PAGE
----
Articles Tagged with republication

Most of the attention being paid to Johnny Depp’s defamation suit against Amber Heard has been about the fact he brought it in Virginia rather than in California where both of them live. Most speculate Depp chose Virginia due to the fact its anti-SLAPP law is more hospitable to celebrities and public figures than California’s. He has already been rewarded with a ruling permitting the case to remain in Virginia even if all potential witnesses and evidence are located in California. If that ruling wasn’t enough to lead to the supposition that this case is destined to be decided by the Virginia Supreme Court rather than the Circuit Court of Fairfax County, we now have another interesting ruling in an area in which there’s not a lot of controlling precedent: what it takes to “republish” a defamatory statement and thereby re-start the running of the one-year statute of limitations. That last time Virginia saw a controversial ruling involving the republication doctrine was in Eramo v. Rolling Stone, which was settled shortly after it was appealed. If I had to guess, I would predict that the next Virginia Supreme Court opinion dealing with republication is going to be Depp v. Heard (or, rather, Heard v. Depp).

For those not already aware, Johnny Depp is suing his ex-wife, actress Amber Heard, for an op-ed she wrote for The Washington Post at the end of 2018. The article, entitled “Amber Heard: I spoke up against sexual violence—and faced our culture’s wrath. That has to change,” does not identify Depp by name but, according to Depp, nevertheless implied to readers that Depp is a domestic abuser. In particular, he took issue with the following statements: (1) “I spoke up against sexual violence—and faced our culture’s wrath.” (2) “Then two years ago, I became a public figure representing domestic abuse, and I felt the full force of our culture’s wrath for women who speak out.” (3) “I had the rare vantage point of seeing, in real time, how institutions protect men accused of abuse.” and (4) “I write this as a woman who had to change my phone number weekly because I was getting death threats. For months, I rarely left my apartment, and when I did, I was pursued by camera drones and photographers on foot, on motorcycles and in cars. Tabloid outlets that posted pictures of me spun them in a negative light. I felt as though I was on trial in the court of public opinion—and my life and livelihood depended on myriad judgments far beyond my control.” The Fairfax County Circuit Court held that with the exception of statement #4, these statements were sufficient to imply to readers that Depp is a domestic abuser, considering the couple’s highly publicized divorce in 2016. Key to this conclusion was the court’s determination that the 2018 op-ed amounted to a republication of Heard’s direct accusations against Depp back in 2016.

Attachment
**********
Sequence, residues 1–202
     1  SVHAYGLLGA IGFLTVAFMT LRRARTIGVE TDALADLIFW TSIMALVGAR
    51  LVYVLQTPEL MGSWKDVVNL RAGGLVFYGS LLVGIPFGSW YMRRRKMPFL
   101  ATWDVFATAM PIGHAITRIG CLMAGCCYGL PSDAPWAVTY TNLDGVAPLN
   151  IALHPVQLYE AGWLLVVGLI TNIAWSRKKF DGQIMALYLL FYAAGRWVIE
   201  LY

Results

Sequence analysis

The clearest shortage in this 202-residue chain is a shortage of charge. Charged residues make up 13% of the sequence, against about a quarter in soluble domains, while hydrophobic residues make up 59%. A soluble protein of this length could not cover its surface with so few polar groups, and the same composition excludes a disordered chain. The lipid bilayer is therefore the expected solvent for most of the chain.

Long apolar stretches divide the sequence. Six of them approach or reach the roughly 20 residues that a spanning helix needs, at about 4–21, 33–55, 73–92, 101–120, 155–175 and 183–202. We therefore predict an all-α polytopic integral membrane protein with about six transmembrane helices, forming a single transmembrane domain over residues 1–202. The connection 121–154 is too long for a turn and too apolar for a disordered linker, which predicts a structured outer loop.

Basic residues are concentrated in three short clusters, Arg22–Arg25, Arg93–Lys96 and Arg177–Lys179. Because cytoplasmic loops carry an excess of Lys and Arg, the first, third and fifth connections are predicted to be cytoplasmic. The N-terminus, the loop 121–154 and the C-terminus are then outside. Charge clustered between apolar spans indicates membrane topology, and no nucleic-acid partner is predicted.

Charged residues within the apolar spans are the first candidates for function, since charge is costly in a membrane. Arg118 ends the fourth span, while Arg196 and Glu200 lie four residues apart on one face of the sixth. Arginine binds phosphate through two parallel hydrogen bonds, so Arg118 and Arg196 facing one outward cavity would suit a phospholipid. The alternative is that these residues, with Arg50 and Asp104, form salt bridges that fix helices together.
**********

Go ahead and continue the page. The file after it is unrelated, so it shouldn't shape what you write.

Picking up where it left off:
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Under the single-publication rule, a defamatory statement posted online will be treated as a single publication, made at the time of posting, regardless of when and how many people actually view the content. Without such a rule, Virginia’s one-year statute of limitations would be rendered meaningless, because a new cause of action would arise each time a new person clicked a link leading to defamatory content, even if that were to occur 10 or 20 years from the date the material was originally uploaded. At the same time, however, Virginia law imposes liability against those who “republish” a defamatory statement, even if republication occurs after the statute of limitations has run on the original statement. When pursuing libel remedies for a statement uploaded to the internet over a year ago, consider whether the statement has been republished by anyone within the past 12 months.

This approach was tried, albeit without success, by the plaintiff in Svetlana Lokhova v. Stefan A. Halper. Ms. Lokhova is a Russian-born British historian and author whose work has focused on the Soviet intelligence service. She had some contact with former National Security Adviser Michael Flynn back in 2014–minimal contact, according to the complaint. She says she met him briefly at a dinner in England and exchanged only a few emails afterwards. Various press accounts in 2017 noted that certain individuals had expressed concern upon learning that the head of the Defense Intelligence Agency appeared to have a friendly relationship with a Russian woman with alleged ties to Russian intelligence–surmising among other things that such a connection could make Flynn susceptible to extortion. One example cited in the complaint is this passage from a New York Times article:

The informant also had contacts with Mr. Flynn, the retired Army general who was Mr. Trump’s first national security adviser. The two met in February 2014, when Mr. Flynn was running the Defense Intelligence Agency and attended the Cambridge Intelligence Seminar, an academic forum for former spies and researchers that meets a few times a year. According to people familiar with Mr. Flynn’s visit to the intelligence seminar, the source was alarmed by the general’s apparent closeness with a Russian woman who was also in attendance. The concern was strong enough that it prompted another person to pass on a warning to the American authorities that Mr. Flynn could be compromised by Russian intelligence, according to two people familiar with the matter.

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